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Keynote Lectures

Challenges for Visual Analytics
Jack van Wijk, Eindhoven University of Technology, Netherlands

Perceptually-Based Rendering
Holly Rushmeier, Yale University, United States

Available soon.
Jean-Daniel Fekete, INRIA, France

The Future of Social Robots: A Case Study with Nadine Humanoid Robot
Nadia Magnenat-Thalmann, University of Geneva, Switzerland

 

Challenges for Visual Analytics

Jack van Wijk
Eindhoven University of Technology
Netherlands
 

Brief Bio
Jack (Jarke J.) van Wijk is full professor in visualization at the Department of Mathematics and Computer Science of Eindhoven University of Technology (TU/e). He received a MSc degree in industrial design engineering in 1982 and a PhD degree in computer science in 1986, both from Delft University of Technology. He has worked for ten years at the Netherlands Energy Research Foundation ECN. He joined Eindhoven University of Technology in 1998, where he became a full professor of visualization in 2001. His main research interests are information visualization and visual analytics, with a focus on the development of new methods for the interactive exploration of large data-sets. The work of his group has led to two start-up companies: MagnaView BV and SynerScope BV. He has (co-)authored more than 150 papers in visualization and computer graphics and received six best paper awards. He received the IEEE Visualization Technical Achievement Award in 2007 and the  Eurographics 2013 Outstanding Technical Contributions Award.


Abstract
Visual Analytics aims at the integration of automated analysis (statistics, machine learning, data mining) with interactive visualization, thereby exploiting the strengths of humans and computers. The concept is great, and many new solutions and systems have been developed. But, to make it work for real world cases is still often challenging. In my presentation I will reflect on this, discuss a number of challenges, and give examples of steps made forward. The four V's of Big Data in itself already pose huge challenges: dealing with large volumes of streaming, mixed, uncertain data is hard, and will remain so for the time to come. But there are more challenges, which already pop up for much smaller and less complex data-sets. Development of new solutions takes much effort, especially if one aims at highly tuned support for specific application domains. One of the aims of Responsible Data Science is to provide transparency, to enable people to understand and trust models and their outcomes, but it is a major challenge to  open the black boxes of automated analysis methods. Evaluation to understand what works and why is difficult. In my presentation. I will illustrate these challenges using examples of our work in Eindhoven, for a variety of applications, including health, security, telecom, and multimedia analysis.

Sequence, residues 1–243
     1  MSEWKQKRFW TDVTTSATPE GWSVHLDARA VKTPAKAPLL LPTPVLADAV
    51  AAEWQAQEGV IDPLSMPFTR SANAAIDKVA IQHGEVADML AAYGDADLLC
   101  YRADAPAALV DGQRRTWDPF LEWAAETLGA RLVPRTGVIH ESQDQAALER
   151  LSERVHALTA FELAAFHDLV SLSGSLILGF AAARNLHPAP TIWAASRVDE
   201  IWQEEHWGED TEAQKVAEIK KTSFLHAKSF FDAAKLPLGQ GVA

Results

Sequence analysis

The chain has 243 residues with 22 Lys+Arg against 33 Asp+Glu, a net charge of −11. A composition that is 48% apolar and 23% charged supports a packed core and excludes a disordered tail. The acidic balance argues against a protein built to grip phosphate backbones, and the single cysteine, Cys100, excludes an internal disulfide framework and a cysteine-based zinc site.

Perceptually-Based Rendering

Holly Rushmeier
Yale University
United States
 

Brief Bio